RESIDENT-ONLY PERMIT PARKING
Next came the discussion of Permit Parking throughout the City. Transportation Services Manager Raja Sethuraman took the lead on this segment. Foley, discussing the impact of strangers parking in her Mesa Del Mar neighborhood - mostly college students from Orange Coast College - reminded us that the first week of parking at OCC each semester is FREE. She also reminded us that after that it's only $30.00 per semester. Genis spoke about landlords renting out garage space and creating on-street parking problems.
THE FAIR, COMMERCIAL AND NOW APARTMENTS
Raja told us that Permit Parking in residential neighborhoods was first the result of the Orange County Fair. Then the demand spread to neighborhoods near commercial venues. Now the impacts are coming from the large number of apartments in the city. He told us to have an area receive permit parking 51% of the neighbors must sign the petition - a sample can be provided - and that 70% of the usable parking (on street and in driveways) must be taken up during an inspection. He said we currently have 2,000 homes with parking permits. The City is divided into six zones and the permits are color-coded so they cannot be used in other zones. Each permit is good for 3 years.
GOOD PUBLIC PARTICIPATION
Eight members of the public, like Beth Refakes, address several elements of this issue. Some spoke of businesses being run out of garages, foreclosing them being used for parking. Others spoke of owners of a half-dozen cars using the streets to park them. Others spoke of the frustration of years of reporting problems but having no resolution to them. Others addressed obviously commercial trucks/trailers that are being left in residential neighborhoods. Lt. Bakkila encouraged them to call the parking hotline - 714-754-5290 - to report a problem. He said they love to haul those trucks away. He mentioned that the CMPD used to have 8 Community Service Specialists (CSS) assigned to work on parking issues. The staffing cuts in the CMPD lost all those people. Presently there are seven (7) part time aides attempting to cover the entire city. He mentioned he would work on training his sworn officers on recognition of parking decal for individual zones in the city.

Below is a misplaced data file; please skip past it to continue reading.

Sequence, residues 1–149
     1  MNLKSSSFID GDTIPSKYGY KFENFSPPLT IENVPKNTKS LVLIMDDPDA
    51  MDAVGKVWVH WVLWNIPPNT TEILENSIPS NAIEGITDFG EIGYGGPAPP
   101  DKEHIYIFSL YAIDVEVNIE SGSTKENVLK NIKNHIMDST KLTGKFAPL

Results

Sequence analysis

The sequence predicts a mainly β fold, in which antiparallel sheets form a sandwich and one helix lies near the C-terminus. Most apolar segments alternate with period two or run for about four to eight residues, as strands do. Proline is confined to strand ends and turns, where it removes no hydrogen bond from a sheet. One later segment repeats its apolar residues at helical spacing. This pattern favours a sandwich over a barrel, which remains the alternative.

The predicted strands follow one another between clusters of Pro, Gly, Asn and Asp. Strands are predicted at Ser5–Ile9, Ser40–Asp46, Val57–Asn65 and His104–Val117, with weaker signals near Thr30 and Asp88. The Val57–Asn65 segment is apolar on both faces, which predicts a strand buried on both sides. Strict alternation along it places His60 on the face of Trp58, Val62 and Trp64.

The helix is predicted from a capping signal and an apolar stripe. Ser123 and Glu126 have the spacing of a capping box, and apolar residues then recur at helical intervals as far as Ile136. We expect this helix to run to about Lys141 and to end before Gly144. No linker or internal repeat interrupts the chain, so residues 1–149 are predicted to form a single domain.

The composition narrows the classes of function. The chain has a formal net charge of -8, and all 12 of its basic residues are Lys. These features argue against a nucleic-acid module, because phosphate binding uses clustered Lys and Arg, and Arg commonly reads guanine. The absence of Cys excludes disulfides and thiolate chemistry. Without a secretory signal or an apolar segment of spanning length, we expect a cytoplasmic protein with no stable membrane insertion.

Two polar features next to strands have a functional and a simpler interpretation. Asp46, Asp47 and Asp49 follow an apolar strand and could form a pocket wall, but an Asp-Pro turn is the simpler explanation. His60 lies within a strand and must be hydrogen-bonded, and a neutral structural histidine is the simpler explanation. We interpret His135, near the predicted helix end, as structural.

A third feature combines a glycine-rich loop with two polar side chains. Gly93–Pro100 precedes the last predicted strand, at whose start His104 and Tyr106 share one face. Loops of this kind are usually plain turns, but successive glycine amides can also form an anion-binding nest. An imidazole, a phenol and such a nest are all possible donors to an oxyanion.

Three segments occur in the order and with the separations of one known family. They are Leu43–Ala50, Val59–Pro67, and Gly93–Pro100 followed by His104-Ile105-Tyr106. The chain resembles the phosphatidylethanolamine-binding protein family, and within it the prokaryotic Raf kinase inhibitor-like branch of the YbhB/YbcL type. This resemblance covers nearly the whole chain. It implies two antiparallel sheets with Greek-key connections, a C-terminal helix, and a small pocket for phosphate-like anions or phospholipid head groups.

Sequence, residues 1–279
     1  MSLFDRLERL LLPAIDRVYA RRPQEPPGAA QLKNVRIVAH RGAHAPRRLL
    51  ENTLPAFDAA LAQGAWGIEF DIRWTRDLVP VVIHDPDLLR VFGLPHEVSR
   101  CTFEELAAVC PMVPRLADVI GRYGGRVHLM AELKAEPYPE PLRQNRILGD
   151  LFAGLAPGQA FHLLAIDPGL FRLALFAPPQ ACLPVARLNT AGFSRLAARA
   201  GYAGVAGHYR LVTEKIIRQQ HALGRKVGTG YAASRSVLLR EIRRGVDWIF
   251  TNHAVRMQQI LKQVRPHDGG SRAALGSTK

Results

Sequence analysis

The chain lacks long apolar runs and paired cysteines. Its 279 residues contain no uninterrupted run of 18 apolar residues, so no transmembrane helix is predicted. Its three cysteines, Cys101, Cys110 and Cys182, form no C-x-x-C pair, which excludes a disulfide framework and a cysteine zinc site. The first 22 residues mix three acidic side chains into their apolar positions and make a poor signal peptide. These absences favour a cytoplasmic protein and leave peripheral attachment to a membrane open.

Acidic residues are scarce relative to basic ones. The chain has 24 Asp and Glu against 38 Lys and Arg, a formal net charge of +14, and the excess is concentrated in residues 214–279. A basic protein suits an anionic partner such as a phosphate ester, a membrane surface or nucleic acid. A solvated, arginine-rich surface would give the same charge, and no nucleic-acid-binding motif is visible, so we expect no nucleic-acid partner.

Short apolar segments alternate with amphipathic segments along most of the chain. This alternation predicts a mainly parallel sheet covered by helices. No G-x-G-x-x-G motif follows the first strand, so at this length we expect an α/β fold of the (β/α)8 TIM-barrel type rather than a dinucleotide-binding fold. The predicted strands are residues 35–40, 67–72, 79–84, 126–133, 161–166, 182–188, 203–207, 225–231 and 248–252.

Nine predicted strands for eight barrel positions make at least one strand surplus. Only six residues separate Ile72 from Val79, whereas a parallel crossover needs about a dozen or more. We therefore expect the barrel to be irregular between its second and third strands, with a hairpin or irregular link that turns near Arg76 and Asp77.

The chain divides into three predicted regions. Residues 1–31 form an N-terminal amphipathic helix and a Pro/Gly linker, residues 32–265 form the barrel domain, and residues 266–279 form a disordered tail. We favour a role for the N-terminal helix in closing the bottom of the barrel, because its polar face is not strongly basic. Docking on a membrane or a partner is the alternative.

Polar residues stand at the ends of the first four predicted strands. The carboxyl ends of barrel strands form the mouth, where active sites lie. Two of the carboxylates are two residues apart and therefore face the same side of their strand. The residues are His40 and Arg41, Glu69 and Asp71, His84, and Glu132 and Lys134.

Finally the discussion turned to Street Sweeping - which has been outsourced to a private company - and the difficulty folks are having in some neighborhoods because cars clog the curbs during sweeper day. Raja told us that if 50% of a section of street is not swept it could qualify for posting "No Parking On Sweeper Day" signs. He told the audience to call the Transportation Department line - 714-754-5343. He did mention that on holiday weeks - like the upcoming Labor Day holiday - NO streets will be swept due to conflicts with trash pickups.
ENDED ON TIME WITH GENERAL SATISFACTION
The meeting ended promptly at 7:30 and the attendees seemed generally satisfied with the information they received. There will be follow-up with specific neighbors on some of their specific concerns. It was a good start and a comfortable process with excellent opportunities for residents to interact with staff and council members informally.